The Louvre has kicked off reservations for a blockbuster exhibition in October of most of Leonardo da Vinci’s paintings to mark the quincentennial of the Renaissance master’s death.
Tickets to the show opening on October 24 will not be available at the box office, but only on the website www.ticketlouvre.fr and in major stores.
“Because of the expected crowds, the exhibition will be accessible only by time slot as a way of ensuring the most comfortable visit,” the museum said in a statement on Monday.
“This applies to all visitors, including those with free access to the museum,” it said.
Of the some 20 extant Leonardo paintings, the Louvre has five including of course the Mona Lisa, as well as 22 drawings.
Nadia Refsi, head of the museum’s press service, told Lovin’ Leonardo that the final number of loans–of both paintings and drawings–to the ambitious show is far from established. “There’s the technical work in addition to the negotiations,” she noted.
The Mona Lisa was among three of Leonardo’s favourite paintings, the others being the Virgin and Child with Saint Anne, and Saint John the Baptist, which he brought with him to Amboise where he died 500 years ago on May 2.
Refsi also dimissed reports–notably in the British daily the Guardian–that the painting Salvatore Mundi (Savior of the World) will be excluded from the show because of doubts over its authenticity.
The work became the most expensive painting ever sold when Saudi crown prince Mohammed bin Salman bought it for $450 million at a Christie’s auction in 2017.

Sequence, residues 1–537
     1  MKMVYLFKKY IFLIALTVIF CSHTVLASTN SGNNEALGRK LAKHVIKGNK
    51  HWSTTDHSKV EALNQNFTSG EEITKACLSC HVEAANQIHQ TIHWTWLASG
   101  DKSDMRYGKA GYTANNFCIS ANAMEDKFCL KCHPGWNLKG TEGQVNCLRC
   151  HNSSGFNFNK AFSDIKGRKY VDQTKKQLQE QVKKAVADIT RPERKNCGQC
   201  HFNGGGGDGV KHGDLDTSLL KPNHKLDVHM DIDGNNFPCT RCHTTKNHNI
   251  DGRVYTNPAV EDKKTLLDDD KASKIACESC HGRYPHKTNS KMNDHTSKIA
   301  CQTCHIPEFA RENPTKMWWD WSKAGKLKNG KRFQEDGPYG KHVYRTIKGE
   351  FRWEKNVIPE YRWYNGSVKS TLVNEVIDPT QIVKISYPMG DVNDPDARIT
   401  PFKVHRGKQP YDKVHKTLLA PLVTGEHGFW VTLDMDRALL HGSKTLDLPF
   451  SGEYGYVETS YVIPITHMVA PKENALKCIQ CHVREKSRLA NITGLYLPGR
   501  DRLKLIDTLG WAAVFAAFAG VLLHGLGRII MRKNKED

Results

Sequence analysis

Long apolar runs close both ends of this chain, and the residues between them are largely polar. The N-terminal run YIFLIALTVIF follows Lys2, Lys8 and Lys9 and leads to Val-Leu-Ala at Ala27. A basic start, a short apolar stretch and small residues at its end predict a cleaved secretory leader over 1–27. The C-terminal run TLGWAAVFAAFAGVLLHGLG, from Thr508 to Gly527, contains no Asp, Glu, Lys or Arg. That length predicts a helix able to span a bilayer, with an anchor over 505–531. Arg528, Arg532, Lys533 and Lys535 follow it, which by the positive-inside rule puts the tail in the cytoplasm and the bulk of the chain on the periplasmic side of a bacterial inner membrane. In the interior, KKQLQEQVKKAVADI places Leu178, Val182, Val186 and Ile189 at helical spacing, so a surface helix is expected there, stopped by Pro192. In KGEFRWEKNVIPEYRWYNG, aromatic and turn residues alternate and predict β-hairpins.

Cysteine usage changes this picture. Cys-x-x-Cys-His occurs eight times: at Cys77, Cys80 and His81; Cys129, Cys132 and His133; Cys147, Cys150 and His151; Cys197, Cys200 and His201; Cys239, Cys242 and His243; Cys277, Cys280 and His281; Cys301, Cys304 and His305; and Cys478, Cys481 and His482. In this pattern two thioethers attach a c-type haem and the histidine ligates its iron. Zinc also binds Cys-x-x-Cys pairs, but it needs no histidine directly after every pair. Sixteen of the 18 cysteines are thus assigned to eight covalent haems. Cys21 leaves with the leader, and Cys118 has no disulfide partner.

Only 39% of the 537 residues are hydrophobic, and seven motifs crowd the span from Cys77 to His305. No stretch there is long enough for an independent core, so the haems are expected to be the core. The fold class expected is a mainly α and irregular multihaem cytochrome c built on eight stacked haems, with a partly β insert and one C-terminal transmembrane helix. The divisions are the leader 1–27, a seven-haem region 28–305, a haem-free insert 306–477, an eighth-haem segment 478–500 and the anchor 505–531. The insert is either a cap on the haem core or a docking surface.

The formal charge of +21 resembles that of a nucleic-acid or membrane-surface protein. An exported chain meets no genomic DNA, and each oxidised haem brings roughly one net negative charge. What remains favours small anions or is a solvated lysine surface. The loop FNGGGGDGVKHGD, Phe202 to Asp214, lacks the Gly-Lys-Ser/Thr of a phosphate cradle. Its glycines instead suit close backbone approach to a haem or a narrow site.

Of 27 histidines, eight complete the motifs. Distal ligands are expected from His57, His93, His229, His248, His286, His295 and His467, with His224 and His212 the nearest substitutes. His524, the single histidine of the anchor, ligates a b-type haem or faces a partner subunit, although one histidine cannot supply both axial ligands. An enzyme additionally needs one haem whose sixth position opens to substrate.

“We have put in a request” to borrow the work, Refsi said.
Meanwhile, although the Saudi royal reportedly planned to display the painting, a portrait of Jesus, in the Louvre Abu Dhabi, the work has disappeared from public view.
The show is expected to include nearly 120 more works–paintings, drawings, manuscripts, sculptures and other items–loaned by some of the most prestigious European and American institutions such as Britain’s Royal Collection, the British Museum, London’s National Gallery, the Pinacoteca at the Vatican, New York’s Metropolitan Museum and the Institut de France.
Negotiations for loans from Italy are still under way after hitting a snag, with the right-wing government in Rome balking at lending many of Italy’s Leonardos–including the iconic Vitruvian Man drawing–to the Louvre under an agreement reached with the previous government.
The two sides have yet to agree on a definitive list.
Paris has agreed to lend paintings by Raphael to Rome next year for that Renaissance master’s quincentennial.
Some 10.2 million people visited the Louvre last year.